Washington Nationals Didn't Give Bryce Harper Enough Money

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Washington Nationals Didn't Give Bryce Harper Enough Money
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I’m back after two exciting weeks in and around Dumaguete City in the Philippines.  An awful lot has happened since I was away: Lou Piniella’s decision to retire sooner rather than later, Roger Clemens getting indicted, the Giants’ vaunted starters posting the worst ERA of any starting rotation in the National League so far in August.

One thing that especially surprised me, however, was the fact Bryce Harper signed for only $9.9 million when Steven Strasburg got $15.1 million from the same team last year.  I had expected Harper to get right around what Strasburg got.

Now that Strasburg has blown out his elbow tendon and will miss at least a full year to rehab his arm after Tommy John surgery, it’s easy to say that Strasburg got too much or that Harper got too little.  However, you could have come to the same conclusion before Strasburg’s injury simply by looking at recent draft results for college pitchers and high school position players selected with the first pick of the draft.

The reasons that Strasburg got more money probably have to do with past signing amounts and the fact that top college pitchers are the amateur players closest to the major leagues in terms of ability at the time they are signed.  Before Strasburg’s big payday, the record first contract was Mark Prior’s $10.5 million deal back in 2001.

The prior high for a position player was given to then college first baseman Mark Teixeira, who got a four-year, $9.5 million deal also in 2001.

Strasburg got more than Prior, and Harper got more than Teixeira.  Also, Harper had less leverage than a player his age usually has because had he not signed, he would have had to return to junior college, the same level he played at last year, and where it would be extremely difficult for him to improve significantly in the eyes of major league organizations from his 2010 performance. 

Most 18-year-old high school draft picks can threaten to go to a top four-year college program, where they will play at a much higher level, comparable to full-season Class A or A+ ball.

However, none of it really makes any sense.  I mean, whose career would you rather have right now: Mark Prior’s or Mark Teixeira’s?  And it’s not just these two players.

Here’s a list of all the high school position players taken with the first pick of the draft since 1987 when Ken Griffey, Jr. was selected: Griffey (1987), Chipper Jones (1990), Alex Rodriguez (1993), Josh Hamilton (1999), Adrien Gonzalez (2000), Joe Mauer (2001), Delmon Young (2003), Matt Bush (2004), Justin Upton (2005), Tim Beckham (2008).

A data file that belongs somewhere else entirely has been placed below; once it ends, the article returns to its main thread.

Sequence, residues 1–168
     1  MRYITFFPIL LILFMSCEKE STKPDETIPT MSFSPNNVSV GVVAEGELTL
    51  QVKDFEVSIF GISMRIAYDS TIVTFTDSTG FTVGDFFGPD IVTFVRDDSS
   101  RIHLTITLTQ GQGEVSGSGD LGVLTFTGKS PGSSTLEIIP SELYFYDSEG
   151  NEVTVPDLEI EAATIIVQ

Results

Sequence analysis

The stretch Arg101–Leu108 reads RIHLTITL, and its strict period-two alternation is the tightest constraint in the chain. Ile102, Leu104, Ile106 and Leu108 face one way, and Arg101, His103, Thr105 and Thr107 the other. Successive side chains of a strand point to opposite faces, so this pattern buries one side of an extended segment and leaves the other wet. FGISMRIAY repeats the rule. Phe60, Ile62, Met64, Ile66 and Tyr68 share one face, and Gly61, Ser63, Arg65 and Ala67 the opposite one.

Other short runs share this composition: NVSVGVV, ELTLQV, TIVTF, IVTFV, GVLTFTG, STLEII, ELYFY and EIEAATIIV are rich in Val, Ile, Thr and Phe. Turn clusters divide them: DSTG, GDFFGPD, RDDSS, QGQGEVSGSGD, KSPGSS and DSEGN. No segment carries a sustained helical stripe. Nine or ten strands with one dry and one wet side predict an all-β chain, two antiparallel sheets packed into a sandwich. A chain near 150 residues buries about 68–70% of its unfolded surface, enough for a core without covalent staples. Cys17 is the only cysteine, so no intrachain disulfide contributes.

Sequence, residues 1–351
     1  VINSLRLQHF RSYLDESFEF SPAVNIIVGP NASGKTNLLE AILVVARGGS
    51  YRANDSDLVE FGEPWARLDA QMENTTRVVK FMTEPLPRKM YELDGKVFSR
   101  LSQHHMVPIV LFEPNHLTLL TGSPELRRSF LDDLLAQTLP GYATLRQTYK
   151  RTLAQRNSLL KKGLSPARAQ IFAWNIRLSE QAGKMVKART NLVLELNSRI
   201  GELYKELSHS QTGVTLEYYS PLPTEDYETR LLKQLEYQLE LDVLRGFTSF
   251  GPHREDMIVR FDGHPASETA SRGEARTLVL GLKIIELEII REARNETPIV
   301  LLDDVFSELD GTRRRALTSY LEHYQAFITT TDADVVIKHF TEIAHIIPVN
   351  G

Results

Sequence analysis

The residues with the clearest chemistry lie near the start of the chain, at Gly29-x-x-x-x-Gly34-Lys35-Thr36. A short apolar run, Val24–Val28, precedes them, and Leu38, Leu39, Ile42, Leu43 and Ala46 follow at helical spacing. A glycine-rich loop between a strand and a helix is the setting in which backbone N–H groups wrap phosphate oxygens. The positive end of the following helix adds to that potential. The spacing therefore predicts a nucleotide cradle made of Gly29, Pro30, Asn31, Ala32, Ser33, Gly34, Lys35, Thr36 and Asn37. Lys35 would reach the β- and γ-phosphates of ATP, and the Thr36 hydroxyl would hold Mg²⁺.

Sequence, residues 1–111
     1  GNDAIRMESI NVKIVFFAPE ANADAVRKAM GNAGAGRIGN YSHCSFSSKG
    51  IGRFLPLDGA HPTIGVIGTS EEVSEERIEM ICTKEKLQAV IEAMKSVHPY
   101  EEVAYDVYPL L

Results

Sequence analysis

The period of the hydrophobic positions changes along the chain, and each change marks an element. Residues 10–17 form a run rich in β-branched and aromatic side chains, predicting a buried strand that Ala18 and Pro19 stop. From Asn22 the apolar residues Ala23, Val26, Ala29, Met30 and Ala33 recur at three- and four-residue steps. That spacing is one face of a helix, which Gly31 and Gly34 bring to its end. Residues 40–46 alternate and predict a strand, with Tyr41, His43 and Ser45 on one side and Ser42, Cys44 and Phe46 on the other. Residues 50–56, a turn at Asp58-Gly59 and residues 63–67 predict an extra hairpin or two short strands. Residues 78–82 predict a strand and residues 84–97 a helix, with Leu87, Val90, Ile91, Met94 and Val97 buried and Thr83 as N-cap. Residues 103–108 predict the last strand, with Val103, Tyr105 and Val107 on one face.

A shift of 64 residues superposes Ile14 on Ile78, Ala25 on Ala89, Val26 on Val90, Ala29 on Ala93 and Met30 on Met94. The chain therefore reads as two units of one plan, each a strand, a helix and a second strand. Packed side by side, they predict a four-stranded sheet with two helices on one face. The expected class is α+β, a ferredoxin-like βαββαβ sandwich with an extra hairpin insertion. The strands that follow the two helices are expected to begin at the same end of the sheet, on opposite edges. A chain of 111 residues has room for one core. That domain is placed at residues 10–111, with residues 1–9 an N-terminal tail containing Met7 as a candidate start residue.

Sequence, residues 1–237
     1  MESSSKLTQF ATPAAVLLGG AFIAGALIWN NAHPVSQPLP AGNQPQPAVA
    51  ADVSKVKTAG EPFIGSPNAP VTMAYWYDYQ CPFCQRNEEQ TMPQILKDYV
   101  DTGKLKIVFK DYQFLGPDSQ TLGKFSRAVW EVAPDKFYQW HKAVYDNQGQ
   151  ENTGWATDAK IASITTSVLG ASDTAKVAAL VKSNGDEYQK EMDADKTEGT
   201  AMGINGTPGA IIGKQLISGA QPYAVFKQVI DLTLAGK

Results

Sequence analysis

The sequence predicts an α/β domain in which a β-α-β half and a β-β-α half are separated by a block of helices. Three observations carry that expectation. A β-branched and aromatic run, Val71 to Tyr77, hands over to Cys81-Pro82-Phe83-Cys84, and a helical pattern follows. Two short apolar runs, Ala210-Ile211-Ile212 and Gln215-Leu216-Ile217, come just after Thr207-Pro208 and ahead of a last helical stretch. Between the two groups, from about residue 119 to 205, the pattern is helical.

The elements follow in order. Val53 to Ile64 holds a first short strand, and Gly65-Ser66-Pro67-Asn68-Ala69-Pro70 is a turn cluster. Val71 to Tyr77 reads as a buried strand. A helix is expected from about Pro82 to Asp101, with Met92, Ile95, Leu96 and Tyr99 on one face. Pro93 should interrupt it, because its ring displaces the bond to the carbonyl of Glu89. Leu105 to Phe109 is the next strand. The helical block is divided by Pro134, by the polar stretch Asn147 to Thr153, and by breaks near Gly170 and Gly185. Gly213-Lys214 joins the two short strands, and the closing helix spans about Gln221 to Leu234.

It’s too early to tell with Beckham (he presently has a .347 on-base percentage in the pitcher friendly Class A+ Florida State League at age 20, which is promising for a shortstop), and Delmon Young has been kind of disappointing (although it’s worth noting he is currently hitting .305 with an .830 OPS and doesn’t turn 25 for another two weeks).

However, the only real dog of the bunch is Matt Bush, and in his case, everyone thought it was a terrible, bargain basement pick when the Padres selected him solely because he was local boy who would sign for way less than No. 1 money.

The other seven players on the list feature three sure-thing Hall-of-Famers, two guys reasonably likely to have Hall of Fame careers (Gonzalez and Mauer), another player who probably would have had at least a borderline Hall of Fame career if drugs had not derailed him for years (Hamilton), and a young major leaguer with everything you look for in a player who might develop into a Hall of Famer (Upton).

Here are all the college pitchers selected with the first pick of the Draft since 1987: Andy Benes (1988), Ben McDonald (1989), Paul Wilson (1994), Kris Benson (1996), Matt Anderson (1997), Bryan Bullington (2002), Luke Hochevar (2006), David Price (2007), and Stephen Strasburg (2009). 

Now that we know Strasburg will be undergoing Tommy John surgery, is there even one pitcher whose career you would rather have than any one of the seven position players listed in the preceding paragraph?

I could see someone saying they’d rather have David Price’s career than Justin Upton’s career, given what we’ve seen so far, but I sure wouldn’t.  The odds are much greater David Price will get seriously hurt more often than Upton going forward.

Of course, I can already hear some of you saying the best player isn’t always selected with the first pick of the draft, Mark Prior and Mark Teixeira being examples. 

However, the first player selected is almost always a great prospect, and when it’s a high school position player overwhelmingly regarded as one of the very best players available, the position player’s chances of future major league success are significantly greater than any pitching prospect’s chances of future success due to the pitchers’ potential for major arm injuries.

Okay, the Nationals gave Bryce Harper a five-year deal, and who knows how long he’ll be in the minors before he’s ready for the show.  However, he’s so young (17) that he could spend the entire five years in the minors and still come up young enough to have a Hall of Fame or near Hall of Fame career.

Finally, it’s worth noting that at the major league level, teams all recognize how much more valuable a superstar position player is than a superstar pitcher, due to the pitcher’s greater likelihood of future injury.

That’s why the biggest player contracts go overwhelmingly to position players.  According to Cot’s Baseball Contracts, eight of the 10 most lucrative contracts in baseball history and 16 of the biggest 21 have gone to position players.

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